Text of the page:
Posted by: Sandy Steinman | June 9, 2021

‘Ring of fire’ solar eclipse on June 10

EarthSky  reports

The new moon will sweep in front of the sun to create this year’s first solar eclipse on Thursday, June 10. On that day, the moon in its elliptical orbit around Earth will lie too far from us to cover over the sun completely. So a bright annulus – or ring – will surround the new moon silhouette at mid-eclipse. It’s the outer rim of the sun, not quite hidden from view. People have taken to calling these “ring of fire” eclipses. Essentially, they are partial eclipses, albeit very dramatic ones. As with any partial eclipse, you need eye protection to watch an annular eclipse. Watching with the unaided eye will cause eye damage.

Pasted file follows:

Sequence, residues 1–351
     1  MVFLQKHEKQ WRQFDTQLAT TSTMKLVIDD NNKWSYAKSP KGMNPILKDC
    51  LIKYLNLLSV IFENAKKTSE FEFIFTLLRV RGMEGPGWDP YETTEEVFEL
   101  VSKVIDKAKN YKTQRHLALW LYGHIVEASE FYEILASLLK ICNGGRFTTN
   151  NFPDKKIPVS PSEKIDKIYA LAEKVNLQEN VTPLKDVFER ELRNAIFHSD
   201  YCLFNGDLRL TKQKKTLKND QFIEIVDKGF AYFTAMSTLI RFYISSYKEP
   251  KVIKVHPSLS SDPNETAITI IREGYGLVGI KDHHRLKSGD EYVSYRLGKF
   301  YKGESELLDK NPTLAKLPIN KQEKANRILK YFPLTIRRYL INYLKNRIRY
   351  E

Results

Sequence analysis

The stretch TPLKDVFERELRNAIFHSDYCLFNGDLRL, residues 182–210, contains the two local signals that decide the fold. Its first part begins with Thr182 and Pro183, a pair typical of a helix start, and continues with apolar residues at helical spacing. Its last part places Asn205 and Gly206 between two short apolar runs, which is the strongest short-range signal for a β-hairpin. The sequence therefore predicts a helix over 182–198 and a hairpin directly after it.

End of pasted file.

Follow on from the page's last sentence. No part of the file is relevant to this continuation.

From much of North America, people will see the sun in eclipse at sunrise on June 10. Northerly and easterly locations in the U.S. have the best view. Or you can watch the eclipse live online, at Virtual Telescope TV. The live feed is scheduled for June 10, starting at 09:30 UTC (translate UTC to your time.)

Read more:  EarthSky | ‘Ring of fire’ solar eclipse on June 10


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